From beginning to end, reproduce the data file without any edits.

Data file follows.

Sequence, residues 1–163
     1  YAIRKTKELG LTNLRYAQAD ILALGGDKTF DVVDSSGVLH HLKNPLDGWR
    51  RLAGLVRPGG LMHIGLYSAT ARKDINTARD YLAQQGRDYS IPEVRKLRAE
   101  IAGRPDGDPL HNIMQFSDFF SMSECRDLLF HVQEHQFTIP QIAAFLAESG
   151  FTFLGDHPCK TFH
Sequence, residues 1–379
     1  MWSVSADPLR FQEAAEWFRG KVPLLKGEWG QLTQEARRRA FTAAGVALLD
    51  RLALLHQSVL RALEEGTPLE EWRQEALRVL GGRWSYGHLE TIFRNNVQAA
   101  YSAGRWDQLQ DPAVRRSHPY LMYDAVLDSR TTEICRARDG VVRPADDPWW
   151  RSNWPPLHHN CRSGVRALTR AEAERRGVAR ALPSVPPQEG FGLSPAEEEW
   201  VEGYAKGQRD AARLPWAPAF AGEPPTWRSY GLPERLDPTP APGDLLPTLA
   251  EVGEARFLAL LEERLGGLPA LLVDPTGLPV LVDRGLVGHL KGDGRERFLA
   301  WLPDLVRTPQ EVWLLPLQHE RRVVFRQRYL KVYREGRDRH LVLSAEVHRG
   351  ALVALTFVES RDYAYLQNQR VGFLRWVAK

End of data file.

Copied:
Sequence, residues 1–163
     1  YAIRKTKELG LTNLRYAQAD ILALGGDKTF DVVDSSGVLH HLKNPLDGWR
    51  RLAGLVRPGG LMHIGLYSAT ARKDINTARD YLAQQGRDYS IPEVRKLRAE
   101  IAGRPDGDPL HNIMQFSDFF SMSECRDLLF HVQEHQFTIP QIAAFLAESG
   151  FTFLGDHPCK TFH
Sequence, residues 1–379
     1  MWSVSADPLR FQEAAEWFRG KVPLLKGEWG QLTQEARRRA FTAAGVALLD
    51  RLALLHQSVL RALEEGTPLE EWRQEALRVL GGRWSYGHLE TIFRNNVQAA
   101  YSAGRWDQLQ DPAVRRSHPY LMYDAVLDSR TTEICRARDG VVRPADDPWW
   151  RSNWPPLHHN CRSGVRALTR AEAERRGVAR ALPSVPPQEG FGLSPAEEEW
   201  VEGYAKGQRD AARLPWAPAF AGEPPTWRSY GLPERLDPTP APGDLLPTLA
   251  EVGEARFLAL LEERLGGLPA LLVDPTGLPV LVDRGLVGHL KGDGRERFLA
   301  WLPDLVRTPQ EVWLLPLQHE RRVVFRQRYL KVYREGRDRH LVLSAEVHRG
   351  ALVALTFVES RDYAYLQNQR VGFLRWVAK